After raising a whopping $81 million in funding from a group of all-star investors, including Salesforce, SAP Ventures, Bessemer Venture Partners, NEA, Andreessen Horowitz and Draper Fisher Jurvetson; cloud storage platform Box.net is setting its sights on the next stage—supporting its developer community. The company is launching the a new platform for developer building off of the Box platform, called the Box Innovation Network (/bin). Additionally, Box is unveiling a $2 million fund (of its own money) to invest in enterprise applications built on the Box platform.
Box, which has 8 million users and stores over 300 million documents, is a cloud storage platform for the enterprise that comes with collaboration, social and mobile functionality. Box has evolved into more than just a file storage platform, and has become a full-fledged collaborative application where businesses can actually communicate about document updates, sync files remotely, and even add features from Salesforce, Google Apps, NetSuite, Yammer and others.
Currently, company provides storage solutions for 77% of the Fortune 500 with 100,000 businesses using Box’s service (250,000 new users are joining each month).
Of course, a central part of this growth, says CEO and co-founder Aaron Levie has been the company’s developer community and ecosystem. Currently, Box has 4,500 API partners and is seeing 200 million API calls per month. In fact, there are four times the number of developers creating applications currently from a year ago, says Levie. Specifically, mobile has seen massive growth with a 30 times increase in the volume of mobile enterprise deployments at the close of Q3 2011 compared to the close of Q3 2010.
The company has seen a number of successful API deployments this year at a large-scale at a number of businesses, including Pabst Brewing Company, DOW Chemical, and National Equity Fund.
A big part of Box’s next step as a more mature company is bringing developers together into the Box community and help API developers create better applications. “Slow-moving enterprise software giants have produced very little innovation in recent years, and their closed ecosystems have made it all but impossible for outside players to create compelling experiences for customers on legacy systems,” Levie says.
The launch of /bin creates a community that supports developers as they work to build enterprise-grade apps off of Box’s platform that will meet business demands and help transform cloud storage.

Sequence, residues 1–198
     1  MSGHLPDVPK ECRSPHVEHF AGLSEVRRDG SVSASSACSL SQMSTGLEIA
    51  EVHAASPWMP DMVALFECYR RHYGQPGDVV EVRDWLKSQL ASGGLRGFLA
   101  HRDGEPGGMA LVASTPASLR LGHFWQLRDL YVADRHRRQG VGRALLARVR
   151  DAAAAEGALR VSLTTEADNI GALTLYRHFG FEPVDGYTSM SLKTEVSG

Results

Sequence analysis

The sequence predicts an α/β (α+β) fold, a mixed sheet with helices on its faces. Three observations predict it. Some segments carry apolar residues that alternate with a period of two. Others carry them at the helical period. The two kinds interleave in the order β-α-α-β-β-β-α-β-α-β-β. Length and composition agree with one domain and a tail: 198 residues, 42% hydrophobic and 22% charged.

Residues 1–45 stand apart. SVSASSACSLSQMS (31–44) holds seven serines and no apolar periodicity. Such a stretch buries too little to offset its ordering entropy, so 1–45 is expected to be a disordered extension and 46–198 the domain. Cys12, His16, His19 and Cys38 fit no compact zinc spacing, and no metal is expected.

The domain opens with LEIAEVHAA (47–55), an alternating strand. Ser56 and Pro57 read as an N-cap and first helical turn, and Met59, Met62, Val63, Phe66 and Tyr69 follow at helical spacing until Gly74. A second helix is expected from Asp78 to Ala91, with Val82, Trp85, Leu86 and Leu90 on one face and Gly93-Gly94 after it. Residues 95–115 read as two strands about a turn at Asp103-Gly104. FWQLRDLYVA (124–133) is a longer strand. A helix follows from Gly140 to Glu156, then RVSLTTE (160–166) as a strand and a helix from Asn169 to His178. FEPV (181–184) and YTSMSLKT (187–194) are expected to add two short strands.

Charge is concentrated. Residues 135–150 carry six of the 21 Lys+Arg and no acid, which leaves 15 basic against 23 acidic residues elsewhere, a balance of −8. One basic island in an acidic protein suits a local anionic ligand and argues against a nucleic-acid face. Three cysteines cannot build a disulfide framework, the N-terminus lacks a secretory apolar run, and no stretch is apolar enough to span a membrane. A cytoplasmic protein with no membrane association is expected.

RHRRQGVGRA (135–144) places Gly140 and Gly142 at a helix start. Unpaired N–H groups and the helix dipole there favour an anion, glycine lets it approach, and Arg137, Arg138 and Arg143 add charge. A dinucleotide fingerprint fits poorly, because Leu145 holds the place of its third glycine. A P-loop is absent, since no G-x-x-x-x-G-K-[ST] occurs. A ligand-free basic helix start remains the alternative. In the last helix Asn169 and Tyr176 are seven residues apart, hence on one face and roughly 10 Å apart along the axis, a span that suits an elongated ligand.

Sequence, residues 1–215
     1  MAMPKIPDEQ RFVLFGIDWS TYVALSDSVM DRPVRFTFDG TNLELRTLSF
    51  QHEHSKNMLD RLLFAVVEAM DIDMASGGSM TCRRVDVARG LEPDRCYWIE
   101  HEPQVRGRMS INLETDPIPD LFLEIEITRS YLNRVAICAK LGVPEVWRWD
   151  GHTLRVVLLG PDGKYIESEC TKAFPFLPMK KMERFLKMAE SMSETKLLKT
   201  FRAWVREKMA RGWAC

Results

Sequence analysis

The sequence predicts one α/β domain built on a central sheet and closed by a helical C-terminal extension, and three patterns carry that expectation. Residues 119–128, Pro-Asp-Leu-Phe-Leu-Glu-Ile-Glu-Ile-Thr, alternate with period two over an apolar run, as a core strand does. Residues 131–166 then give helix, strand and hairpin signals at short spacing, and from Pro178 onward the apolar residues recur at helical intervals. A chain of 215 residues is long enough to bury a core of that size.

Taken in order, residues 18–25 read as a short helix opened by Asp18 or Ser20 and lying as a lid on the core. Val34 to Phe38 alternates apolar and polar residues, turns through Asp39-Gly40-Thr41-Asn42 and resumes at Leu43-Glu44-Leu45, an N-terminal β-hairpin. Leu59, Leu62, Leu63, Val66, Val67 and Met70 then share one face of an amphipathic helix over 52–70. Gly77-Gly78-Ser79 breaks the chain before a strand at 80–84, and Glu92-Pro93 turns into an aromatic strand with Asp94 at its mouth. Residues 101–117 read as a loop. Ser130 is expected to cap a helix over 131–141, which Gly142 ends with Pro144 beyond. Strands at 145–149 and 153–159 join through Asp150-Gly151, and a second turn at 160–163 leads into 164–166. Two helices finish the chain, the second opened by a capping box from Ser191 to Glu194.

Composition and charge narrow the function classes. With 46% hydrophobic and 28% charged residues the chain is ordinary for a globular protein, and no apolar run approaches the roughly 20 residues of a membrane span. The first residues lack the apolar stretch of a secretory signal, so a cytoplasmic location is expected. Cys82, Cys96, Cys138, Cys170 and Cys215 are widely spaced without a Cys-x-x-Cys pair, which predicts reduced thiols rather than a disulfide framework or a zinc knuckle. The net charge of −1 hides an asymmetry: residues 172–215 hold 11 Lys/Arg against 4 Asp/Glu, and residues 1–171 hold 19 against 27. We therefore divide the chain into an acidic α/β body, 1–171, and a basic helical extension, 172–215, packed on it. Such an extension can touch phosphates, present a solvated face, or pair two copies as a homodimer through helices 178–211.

At its core, /bin is structured around its direct partner and member connections. Box is partnering with Appcelerator, VMWare’s Cloud Foundry, Heroku, Rackspace, SnapLogic, and Twilio to offer special services relating to hosting, mobile and more to developers building off the Box platform. The vision for these partners, says Levie, is that they will provide /bin members with the tools and services they will need to build robust applications using the Box APIs.
/bin will also offer resources, new features and functionality on the Box platform. In addition to working with platform partners, Box is also investing up to two million dollars in fund money for /bin members chosen to support the growth and development of future enterprise applications built on the Box platform. The funding will go towards equity investments, intellectual property acquisitions, and co-development of enterprise products.
As Levie tells me, “the general idea behind /bin and the investment fund is to cultivate a strong community and network for developers to get right resources and support to build enterprise applications.”
2011 has proven to be a big year for Box. Prior to announcing the major raise a few weeks ago, Box was a $500 million acquisition target (in the last funding round, Box was valued at $600 million). And the company has debuted a number of new product innovations including debuting integrations with Salesforce’s social network for the enterprise Chatter, and a new syncing feature.
As for what’s next, Levie tells us that we can expect a major product update in Box’s enterprise edition for businesses soon. We’ll also see a number of exciting partnerships in mobility space and future product development in mobile. Box is also using its new funding towards international expansion and will be opening a third data center in 2012.
Of course, part of Box’s future could include a public offering. One of the company’s first investors, DFJ’s managing director Josh Stein told us recently that “Box absolutely should be a public company” and said that an offering is in the company’s future plans.
As for how that fits in to today’s news, creating a vibrant developer ecosystem is an important port of Box’s maturation from a startup to a billion dollar (and potentially public) company. And engaging developers will certainly help Box continue to grow the reach of its cloud storage platform.
After starting as a college business project in 2005, Box was officially launched in March of 2006 with the vision of connecting people, devices and networks. Box provides more than 8 million users with secure cloud content management and collaboration. They say their platform “allows personal and commercial content to be accessible, sharable, and storable in any format from anywhere”.